Cell Therapy, Completed Projects, Quality of Life Change
About This Project

A phase I/II study to evaluate allogeneic mesenchymal stromal cells for the treatment of skin disease in adults with Recessive Dystrophic Epidermolysis Bullosa

Lay summary

Ten adults with Recessive Dystrophic Epidermolysis Bullosa (RDEB) took part in the trial. This involved receiving intravenous infusions of cells from an unrelated individual who did not have EB. The cells were a special type of bone marrow cell called mesenchymal stromal cells (MSCs). MSCs can transform into other types of cells including skin and corneal cells.

The aim of the study was to check whether giving MSCs would be safe and whether it would improve the condition of the EB.

The study found that giving the cells was a safe procedure in that no-one had any significant adverse reactions or side-effects.

It also found that receiving MSCs led to some clinical improvements in reducing itch, having fewer blisters, and improving quality of life. The personal benefits lasted for a few months before wearing off.

The researchers also looked for chemical and gene changes in the skin and blood before and after receiving MSCs and identified some genes and proteins related to wound healing that were altered by the MSCs. These findings have given new ideas about how to reduce inflammation and accelerate wound healing in EB skin which can be investigated in new research.

Scientific Summary

The overall objective of this phase I/II open label study was to perform a clinical trial of intravenous mesenchymal stromal cells (MSCs) in 10 adults with RDEB and to determine whether the use of such cells is safe in the adult RDEB population. Each participant in the trial received two separate intravenous infusions of same donor MSCs on Day 0 and Day 14 at a dose of 2-4 x 106 cells / kg.

This proved to be a safe intervention as no serious adverse events were reported up to 12 months post-MSCs.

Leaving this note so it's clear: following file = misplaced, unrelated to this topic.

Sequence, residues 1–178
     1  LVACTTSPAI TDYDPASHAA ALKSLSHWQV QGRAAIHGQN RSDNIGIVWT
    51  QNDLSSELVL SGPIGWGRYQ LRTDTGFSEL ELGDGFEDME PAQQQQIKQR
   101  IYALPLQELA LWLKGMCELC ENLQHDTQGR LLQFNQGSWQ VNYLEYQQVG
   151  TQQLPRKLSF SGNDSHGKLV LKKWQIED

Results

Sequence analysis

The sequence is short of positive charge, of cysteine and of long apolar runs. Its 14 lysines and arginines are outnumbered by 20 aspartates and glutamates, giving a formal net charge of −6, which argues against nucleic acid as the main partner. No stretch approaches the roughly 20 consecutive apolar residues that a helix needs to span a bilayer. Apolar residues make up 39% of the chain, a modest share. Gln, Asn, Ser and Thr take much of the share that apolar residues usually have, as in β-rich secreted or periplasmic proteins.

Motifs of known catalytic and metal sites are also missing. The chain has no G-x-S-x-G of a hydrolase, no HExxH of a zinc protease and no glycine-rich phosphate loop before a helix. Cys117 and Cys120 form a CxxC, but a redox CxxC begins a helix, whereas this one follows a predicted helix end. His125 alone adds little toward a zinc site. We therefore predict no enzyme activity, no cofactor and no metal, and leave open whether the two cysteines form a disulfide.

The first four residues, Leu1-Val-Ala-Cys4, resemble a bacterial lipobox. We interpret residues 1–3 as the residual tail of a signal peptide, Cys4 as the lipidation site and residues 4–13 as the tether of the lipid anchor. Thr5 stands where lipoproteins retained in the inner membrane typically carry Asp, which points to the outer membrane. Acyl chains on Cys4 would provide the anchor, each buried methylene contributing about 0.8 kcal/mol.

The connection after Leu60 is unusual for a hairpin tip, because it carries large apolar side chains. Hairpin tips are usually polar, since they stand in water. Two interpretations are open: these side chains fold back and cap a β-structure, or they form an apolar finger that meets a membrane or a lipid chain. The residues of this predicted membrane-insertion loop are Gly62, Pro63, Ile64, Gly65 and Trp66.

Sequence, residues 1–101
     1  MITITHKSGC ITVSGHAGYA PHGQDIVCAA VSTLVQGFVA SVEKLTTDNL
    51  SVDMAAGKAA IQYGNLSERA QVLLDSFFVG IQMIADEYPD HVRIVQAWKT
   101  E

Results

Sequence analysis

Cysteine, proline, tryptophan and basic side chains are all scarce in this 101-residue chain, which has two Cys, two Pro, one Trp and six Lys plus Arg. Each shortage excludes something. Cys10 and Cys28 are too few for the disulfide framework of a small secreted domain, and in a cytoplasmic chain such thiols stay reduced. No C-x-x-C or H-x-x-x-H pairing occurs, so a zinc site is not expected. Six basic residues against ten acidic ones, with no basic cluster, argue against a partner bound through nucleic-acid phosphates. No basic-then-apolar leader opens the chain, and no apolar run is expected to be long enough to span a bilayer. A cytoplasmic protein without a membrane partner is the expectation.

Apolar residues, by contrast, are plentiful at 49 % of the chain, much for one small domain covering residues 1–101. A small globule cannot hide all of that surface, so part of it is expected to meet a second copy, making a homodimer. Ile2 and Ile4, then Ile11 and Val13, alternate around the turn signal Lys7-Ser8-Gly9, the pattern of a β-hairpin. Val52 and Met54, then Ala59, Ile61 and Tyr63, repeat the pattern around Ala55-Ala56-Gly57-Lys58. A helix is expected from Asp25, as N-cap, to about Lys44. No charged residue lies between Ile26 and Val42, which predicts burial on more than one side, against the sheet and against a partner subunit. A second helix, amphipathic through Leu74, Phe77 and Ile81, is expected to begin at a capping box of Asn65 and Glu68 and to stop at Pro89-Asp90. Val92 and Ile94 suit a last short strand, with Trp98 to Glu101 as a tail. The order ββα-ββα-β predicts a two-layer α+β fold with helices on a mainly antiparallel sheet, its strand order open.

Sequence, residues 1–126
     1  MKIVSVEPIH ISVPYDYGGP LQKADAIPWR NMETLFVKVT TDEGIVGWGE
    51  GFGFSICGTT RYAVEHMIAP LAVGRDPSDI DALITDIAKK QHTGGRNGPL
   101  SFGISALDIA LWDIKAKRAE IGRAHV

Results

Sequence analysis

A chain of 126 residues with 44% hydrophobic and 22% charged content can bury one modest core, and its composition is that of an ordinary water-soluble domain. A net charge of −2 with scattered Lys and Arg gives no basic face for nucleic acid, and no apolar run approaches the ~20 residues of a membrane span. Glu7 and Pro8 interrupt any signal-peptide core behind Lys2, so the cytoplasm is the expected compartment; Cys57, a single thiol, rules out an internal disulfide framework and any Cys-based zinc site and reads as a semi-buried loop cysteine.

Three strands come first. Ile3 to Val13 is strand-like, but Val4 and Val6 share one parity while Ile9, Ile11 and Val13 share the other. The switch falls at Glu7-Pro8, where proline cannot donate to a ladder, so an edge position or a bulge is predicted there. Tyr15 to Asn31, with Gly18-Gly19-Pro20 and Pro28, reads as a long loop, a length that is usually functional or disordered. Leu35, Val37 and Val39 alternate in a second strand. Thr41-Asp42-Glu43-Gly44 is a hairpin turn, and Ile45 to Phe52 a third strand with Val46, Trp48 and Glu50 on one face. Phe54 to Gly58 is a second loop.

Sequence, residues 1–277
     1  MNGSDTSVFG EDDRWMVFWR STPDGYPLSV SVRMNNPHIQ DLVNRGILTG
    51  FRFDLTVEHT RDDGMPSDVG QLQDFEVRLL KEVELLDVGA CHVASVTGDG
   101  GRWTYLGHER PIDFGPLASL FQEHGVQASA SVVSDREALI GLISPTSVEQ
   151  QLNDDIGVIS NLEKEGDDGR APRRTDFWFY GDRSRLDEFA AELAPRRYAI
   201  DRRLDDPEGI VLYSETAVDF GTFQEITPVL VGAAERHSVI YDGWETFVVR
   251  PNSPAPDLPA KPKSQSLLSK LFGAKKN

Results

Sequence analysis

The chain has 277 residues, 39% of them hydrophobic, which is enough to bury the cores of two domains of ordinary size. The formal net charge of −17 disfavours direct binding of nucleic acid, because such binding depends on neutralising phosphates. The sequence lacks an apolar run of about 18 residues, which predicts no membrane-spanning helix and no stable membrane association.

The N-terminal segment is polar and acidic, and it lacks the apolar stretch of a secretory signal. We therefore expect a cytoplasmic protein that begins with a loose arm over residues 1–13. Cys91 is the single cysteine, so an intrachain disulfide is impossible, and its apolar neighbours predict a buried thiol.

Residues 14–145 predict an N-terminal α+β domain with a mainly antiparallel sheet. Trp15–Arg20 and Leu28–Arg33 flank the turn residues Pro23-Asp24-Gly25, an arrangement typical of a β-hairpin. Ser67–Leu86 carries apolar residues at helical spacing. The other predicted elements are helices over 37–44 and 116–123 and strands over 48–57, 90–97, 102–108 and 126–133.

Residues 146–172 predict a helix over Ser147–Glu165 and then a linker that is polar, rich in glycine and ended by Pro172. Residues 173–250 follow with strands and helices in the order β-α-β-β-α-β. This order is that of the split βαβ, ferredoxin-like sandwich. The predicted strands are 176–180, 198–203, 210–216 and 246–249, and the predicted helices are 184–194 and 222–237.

Regarding efficacy, one individual showed a slight transient increase in collagen VII (days 28-60 only). However, clinical burden of RDEB improved in 8 subjects with a decrease in disease activity at day 28 and day 60 post-MSCs compared to baseline for the Birmingham Epidermolysis Bullosa Severity Score (BEBSS), Epidermolysis Bullosa Disease Activity and Scarring Index (EBDASI) activity and the Quality of Life in EB (QOLEB) scores. Leuven Itch Score (LIS) subscales of frequency, severity and consequences of itch showed a significant reduction at days 28 and 60 post MSCs.

In serum, HMGB1 levels were reduced after MSCs at day 28 and day 60 compared to baseline. RNA-seq data from both blood and skin revealed upregulated MAPK, Death receptor signalling and JAK stat pathways after cell therapy. Cell therapy led to an up-regulation of CXCL8, CXCR1 and CXCR2 genes with roles germane to wound healing.

This clinical trial demonstrates that MSC infusion is safe in adults with RDEB and can lead to clinical benefits that persist for at least 2 months. Our data also highlight HMGB1 as a potential biomarker for cell therapy intervention and identifies key genes and signalling pathway changes that occur in response to MSC infusion.


Rashidghamat E., et al., 2020. Phase I/II open-label trial of intravenous allogeneic mesenchymal stromal cell therapy in adults with recessive dystrophic epidermolysis bullosa. J. Am. Acad. Dermatol. 2020;83:447-454

Related publications

Rashidghamat E, et al. Novel and emerging therapies in the treatment of recessive dystrophic epidermolysis bullosa. Intractable Rare Dis. Res. 2017;6(1):6-20

Rashidghamat E. & Mellerio, J.E. Management of chronic wounds in patients with dystrophic epidermolysis bullosa: challenges and solutions. Chronic Wound Care Management and Research 2017;4:45-54

Rashidghamat E, et al. Mesenchymal stem cell therapy for recessive dystrophic epidermolysis bullosa: prospects and clinical progress. Expert Opinion on Orphan Drugs, 2016;4(4):343-345